Throughout the United States, hundreds of tornadoes and several hurricanes affect people’s livelihoods each year. Nearly every state east of the Rocky Mountains faces the possibility of devastating tornadoes, with the Midwest being particularly at risk. Living along the gulf and east coasts offers little respite, as powerful hurricanes are apt to cause similar, and potentially more widespread, damage. The following maps show this sobering possibility. Check out those wind speeds!
These natural disasters not only cause structural damage to property, they also cause numerous injuries, and regrettably, far too many deaths of people caught in their path. When the envelope of a structure is punctured by debris, pressure changes from the wind can cause the structure to rapidly fail. In many areas, buildings were not built with resistance to debris in mind. However, with the extensive media coverage of recent disasters such as the devastating tornadoes in Joplin, Missouri, and Moore, Oklahoma, as well as Hurricanes Katrina and Sandy, greater numbers of home and small business owners are seeking to increase their probability of surviving a storm by voluntarily installing a “safe room” to shelter in.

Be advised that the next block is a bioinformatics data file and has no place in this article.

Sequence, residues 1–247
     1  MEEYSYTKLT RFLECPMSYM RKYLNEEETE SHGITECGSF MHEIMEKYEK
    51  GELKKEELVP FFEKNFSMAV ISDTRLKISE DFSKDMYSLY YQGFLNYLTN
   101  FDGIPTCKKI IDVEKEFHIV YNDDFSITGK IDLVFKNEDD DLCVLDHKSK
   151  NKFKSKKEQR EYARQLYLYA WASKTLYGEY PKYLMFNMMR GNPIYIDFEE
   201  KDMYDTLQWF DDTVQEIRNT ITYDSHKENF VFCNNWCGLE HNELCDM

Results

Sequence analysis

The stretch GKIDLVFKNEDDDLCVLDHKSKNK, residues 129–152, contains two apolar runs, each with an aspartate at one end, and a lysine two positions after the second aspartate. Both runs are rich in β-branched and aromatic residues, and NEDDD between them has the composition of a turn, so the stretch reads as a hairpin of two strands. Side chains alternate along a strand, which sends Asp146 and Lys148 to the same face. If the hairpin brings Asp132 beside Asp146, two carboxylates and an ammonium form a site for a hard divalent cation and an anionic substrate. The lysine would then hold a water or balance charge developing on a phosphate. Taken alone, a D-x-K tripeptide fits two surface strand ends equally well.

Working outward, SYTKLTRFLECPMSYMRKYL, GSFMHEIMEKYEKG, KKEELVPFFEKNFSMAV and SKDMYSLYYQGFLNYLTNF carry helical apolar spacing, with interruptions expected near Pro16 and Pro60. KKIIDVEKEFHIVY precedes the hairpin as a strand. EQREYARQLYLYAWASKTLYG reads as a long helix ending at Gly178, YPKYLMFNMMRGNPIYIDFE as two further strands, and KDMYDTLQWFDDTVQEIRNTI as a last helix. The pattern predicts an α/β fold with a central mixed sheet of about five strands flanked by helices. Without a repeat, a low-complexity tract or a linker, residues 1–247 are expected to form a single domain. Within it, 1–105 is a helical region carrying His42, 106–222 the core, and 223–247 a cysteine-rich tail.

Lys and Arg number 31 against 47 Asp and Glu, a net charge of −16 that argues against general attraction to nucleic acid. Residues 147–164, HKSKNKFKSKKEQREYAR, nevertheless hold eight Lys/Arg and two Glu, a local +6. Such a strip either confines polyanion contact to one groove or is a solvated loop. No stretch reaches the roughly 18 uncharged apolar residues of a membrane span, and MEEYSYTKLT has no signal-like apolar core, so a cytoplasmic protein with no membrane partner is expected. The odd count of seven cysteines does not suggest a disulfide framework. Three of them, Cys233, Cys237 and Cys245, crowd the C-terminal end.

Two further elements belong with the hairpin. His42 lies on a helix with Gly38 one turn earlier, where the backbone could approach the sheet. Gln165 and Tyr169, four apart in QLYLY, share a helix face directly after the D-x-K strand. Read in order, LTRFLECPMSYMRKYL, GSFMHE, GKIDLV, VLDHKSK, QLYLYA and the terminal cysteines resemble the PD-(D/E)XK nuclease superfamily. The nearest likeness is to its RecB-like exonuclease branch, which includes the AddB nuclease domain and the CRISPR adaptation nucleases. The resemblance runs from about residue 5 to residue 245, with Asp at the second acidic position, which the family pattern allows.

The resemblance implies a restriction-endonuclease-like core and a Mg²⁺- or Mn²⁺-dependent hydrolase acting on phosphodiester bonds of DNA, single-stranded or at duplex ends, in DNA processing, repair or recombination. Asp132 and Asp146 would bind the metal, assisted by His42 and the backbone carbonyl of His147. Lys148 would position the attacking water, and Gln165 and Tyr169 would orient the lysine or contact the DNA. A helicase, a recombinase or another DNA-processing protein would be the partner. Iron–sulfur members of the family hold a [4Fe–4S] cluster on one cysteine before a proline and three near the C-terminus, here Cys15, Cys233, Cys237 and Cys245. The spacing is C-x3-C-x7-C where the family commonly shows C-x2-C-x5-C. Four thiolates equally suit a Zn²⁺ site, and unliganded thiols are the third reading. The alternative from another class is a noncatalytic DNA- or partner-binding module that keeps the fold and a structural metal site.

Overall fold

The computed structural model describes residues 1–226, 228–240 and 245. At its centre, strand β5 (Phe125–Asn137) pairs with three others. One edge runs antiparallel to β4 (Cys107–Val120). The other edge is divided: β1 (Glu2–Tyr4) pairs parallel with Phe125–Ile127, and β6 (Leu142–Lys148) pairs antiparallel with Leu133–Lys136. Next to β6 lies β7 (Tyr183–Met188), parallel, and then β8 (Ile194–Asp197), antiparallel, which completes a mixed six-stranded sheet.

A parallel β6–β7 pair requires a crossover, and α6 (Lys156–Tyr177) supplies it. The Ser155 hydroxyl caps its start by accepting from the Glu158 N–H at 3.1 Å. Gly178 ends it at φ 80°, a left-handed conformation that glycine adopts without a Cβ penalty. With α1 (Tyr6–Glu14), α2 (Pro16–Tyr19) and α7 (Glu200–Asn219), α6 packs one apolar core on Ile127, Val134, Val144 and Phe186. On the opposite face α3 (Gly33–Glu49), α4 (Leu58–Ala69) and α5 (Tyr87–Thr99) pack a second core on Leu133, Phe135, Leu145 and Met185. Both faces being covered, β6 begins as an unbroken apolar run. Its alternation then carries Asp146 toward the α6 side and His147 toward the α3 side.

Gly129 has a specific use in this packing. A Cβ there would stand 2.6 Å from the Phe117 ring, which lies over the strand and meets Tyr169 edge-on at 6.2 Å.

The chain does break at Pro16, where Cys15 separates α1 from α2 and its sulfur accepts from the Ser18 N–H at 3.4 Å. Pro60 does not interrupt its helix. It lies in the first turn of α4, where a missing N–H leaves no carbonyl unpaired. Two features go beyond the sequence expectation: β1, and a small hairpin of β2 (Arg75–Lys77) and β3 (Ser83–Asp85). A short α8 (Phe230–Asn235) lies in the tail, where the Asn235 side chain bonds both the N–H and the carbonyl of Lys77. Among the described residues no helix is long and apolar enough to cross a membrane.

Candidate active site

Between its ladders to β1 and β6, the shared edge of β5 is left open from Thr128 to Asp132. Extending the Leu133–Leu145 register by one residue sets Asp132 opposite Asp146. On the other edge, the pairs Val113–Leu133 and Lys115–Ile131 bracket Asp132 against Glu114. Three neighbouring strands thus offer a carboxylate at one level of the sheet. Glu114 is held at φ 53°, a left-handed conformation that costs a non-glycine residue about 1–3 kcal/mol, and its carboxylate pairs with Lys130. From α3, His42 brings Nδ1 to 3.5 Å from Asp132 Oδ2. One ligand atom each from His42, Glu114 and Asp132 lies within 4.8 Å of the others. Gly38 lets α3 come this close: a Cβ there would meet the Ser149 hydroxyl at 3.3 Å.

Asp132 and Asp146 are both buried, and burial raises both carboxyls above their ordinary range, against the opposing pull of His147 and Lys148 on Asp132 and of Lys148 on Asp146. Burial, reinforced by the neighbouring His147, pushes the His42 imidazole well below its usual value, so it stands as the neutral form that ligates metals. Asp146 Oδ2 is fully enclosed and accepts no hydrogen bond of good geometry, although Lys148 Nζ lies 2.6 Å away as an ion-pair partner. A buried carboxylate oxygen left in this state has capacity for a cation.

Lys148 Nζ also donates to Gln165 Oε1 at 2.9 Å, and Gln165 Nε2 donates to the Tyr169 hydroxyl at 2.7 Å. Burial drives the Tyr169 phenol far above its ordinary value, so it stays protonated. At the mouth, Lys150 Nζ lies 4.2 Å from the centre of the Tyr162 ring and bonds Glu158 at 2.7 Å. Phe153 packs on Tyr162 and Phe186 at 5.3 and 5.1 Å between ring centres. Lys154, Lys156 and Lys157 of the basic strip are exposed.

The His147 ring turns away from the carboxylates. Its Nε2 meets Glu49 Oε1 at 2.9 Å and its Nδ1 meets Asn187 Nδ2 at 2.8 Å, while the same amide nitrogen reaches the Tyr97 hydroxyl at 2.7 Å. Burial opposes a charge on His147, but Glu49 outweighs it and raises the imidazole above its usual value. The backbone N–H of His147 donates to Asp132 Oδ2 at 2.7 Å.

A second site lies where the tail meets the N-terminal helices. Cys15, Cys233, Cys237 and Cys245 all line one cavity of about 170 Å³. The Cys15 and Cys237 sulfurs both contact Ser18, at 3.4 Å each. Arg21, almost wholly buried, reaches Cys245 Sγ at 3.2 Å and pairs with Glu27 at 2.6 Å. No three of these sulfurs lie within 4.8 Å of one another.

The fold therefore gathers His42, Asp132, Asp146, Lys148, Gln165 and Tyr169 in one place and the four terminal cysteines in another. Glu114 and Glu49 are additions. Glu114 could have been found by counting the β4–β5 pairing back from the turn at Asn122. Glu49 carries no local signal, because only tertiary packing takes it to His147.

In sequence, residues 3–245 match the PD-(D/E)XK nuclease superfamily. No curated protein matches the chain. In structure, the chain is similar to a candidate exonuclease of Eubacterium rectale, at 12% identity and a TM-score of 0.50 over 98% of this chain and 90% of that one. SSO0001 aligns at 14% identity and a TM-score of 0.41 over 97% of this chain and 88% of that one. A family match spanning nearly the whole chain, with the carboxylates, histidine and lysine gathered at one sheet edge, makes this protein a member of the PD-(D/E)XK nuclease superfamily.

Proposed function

A safe room is defined by the Federal Emergency Management Agency (FEMA) as “a space where you, your family, or friends and employees can survive a tornado or hurricane with little to no injury.” Guidelines for safe room design are detailed in FEMA P-361, Design and Construction Guidance of Community Shelters, and FEMA P-320, Taking Shelter from the Storm: Building a Safe Room Inside Your Home.
Safe room design must meet two main criteria. The first is that the room’s structural components must be able to withstand the basic wind load of the tornado or hurricane. The second design criterion is that the safe room must have resistance to flying debris, a particular danger of tornadoes and hurricanes.
As part of their ongoing efforts to improve safe room design, James Bridwell, Robert Ross, Zhiyong Cai, and David Kretschmann conducted performance tests on a series of materials and wall designs that might be used in the construction of safe rooms. Next week we will delve into this unique research described by Bridwell and others in the publication, USDA Forest Products Laboratory’s Debris Launcher.